If you look at the portrait photo of Chris Hillman in the inner cover of his new album, you can see a handsome man resting in himself with thick white-grey hair and walrus schnauzer. The beloved guitar is enthroned on his lap. The country rock legend, who turns seventy-three years old on the fourth of December, uses the record to take stock of her exciting musical career, which began in the early sixties. On "Bidin' My Time" long-term buddies Hillmans meet David Crosby, Roger McGuinn and the Heartbreakers. Their boss Tom Petty, who died in October, produced the record. In the interview, Hillman shares his views on friendship and death. And about US politics in times of Donald Trump.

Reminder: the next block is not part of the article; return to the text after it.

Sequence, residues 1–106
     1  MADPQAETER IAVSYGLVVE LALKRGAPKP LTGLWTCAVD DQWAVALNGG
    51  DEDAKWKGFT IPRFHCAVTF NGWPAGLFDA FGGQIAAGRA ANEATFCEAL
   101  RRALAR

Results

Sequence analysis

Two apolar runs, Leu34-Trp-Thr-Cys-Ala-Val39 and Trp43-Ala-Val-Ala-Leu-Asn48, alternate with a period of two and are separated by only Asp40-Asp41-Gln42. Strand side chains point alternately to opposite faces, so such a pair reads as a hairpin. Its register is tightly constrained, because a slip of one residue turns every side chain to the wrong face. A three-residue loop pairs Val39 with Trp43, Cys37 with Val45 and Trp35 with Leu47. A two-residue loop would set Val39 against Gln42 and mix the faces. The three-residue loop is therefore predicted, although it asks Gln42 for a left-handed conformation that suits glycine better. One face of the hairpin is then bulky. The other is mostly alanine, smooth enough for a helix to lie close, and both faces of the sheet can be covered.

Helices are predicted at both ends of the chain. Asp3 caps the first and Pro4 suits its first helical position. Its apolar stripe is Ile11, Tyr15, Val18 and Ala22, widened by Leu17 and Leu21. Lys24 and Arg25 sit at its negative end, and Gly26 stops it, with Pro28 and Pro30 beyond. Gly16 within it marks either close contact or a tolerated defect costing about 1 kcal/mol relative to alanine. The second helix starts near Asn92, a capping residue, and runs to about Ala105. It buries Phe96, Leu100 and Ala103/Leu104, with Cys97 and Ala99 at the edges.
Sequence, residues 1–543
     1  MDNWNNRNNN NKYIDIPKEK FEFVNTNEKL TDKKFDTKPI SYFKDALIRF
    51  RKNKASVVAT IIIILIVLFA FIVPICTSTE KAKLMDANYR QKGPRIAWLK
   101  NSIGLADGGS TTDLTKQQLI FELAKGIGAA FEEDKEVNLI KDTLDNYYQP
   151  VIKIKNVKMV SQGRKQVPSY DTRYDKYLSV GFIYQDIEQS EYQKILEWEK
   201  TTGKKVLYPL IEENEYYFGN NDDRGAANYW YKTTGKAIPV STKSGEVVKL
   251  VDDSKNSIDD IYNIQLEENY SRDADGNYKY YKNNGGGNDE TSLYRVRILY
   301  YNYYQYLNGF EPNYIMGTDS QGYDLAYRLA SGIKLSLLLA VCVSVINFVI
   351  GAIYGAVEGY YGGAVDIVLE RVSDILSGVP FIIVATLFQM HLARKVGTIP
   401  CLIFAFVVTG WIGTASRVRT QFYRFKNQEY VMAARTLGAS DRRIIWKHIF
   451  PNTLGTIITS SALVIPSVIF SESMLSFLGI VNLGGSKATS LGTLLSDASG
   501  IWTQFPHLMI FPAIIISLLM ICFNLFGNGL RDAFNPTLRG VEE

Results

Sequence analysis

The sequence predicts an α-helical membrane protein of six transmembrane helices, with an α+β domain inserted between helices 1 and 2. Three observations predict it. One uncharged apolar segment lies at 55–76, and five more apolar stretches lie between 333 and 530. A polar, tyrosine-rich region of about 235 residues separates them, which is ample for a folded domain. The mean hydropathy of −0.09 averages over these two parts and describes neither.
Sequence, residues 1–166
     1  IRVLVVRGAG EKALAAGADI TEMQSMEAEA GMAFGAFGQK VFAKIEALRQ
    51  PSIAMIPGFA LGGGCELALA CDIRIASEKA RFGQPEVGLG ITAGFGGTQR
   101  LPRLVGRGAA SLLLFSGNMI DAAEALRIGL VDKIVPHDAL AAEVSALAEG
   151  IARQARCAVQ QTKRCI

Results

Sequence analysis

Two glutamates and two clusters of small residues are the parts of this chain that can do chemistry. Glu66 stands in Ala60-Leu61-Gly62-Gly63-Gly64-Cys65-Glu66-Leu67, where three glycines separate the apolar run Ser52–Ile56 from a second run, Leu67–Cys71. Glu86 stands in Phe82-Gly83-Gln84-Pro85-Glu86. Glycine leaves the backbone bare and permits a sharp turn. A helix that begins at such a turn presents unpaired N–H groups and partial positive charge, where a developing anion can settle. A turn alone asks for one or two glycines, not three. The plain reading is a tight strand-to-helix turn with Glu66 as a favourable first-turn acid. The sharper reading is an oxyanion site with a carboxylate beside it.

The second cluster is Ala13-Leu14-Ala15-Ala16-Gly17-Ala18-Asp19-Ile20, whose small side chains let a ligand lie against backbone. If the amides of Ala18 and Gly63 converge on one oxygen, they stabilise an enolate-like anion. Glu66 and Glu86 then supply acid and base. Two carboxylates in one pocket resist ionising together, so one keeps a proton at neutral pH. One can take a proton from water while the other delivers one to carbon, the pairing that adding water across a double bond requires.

eclipsed: On your new album you reinterpret "She Don't Care About Time" with Roger McGuinn and David Crosby, and with "Here She Comes Again" you record for the first time a title you wrote with McGuinn in 1979. So can we speak of a kind of Byrds reunion on this record?
Chris Hillman: No, you mustn't. Some of my old friends helped me out, if you will. But only on a few songs. I called them, they had time and desire to spend some nice hours together, to make music a little together. It already was. "Bidin' My Time is a flawless Chris Hillman record.
eclipsed: What's her title all about? "Bidin' My Time" can be interpreted as "expecting its time", among other things. Does the record deal with age?
Hillman: Not at all! The song of the same name, which can now be found on the record, was written in 1978. At that time I certainly didn't think about age and death. In fact, there is a lot of nostalgia in it, without this having anything to do with morbidity. I'm definitely not waiting for death. He'll be here soon enough.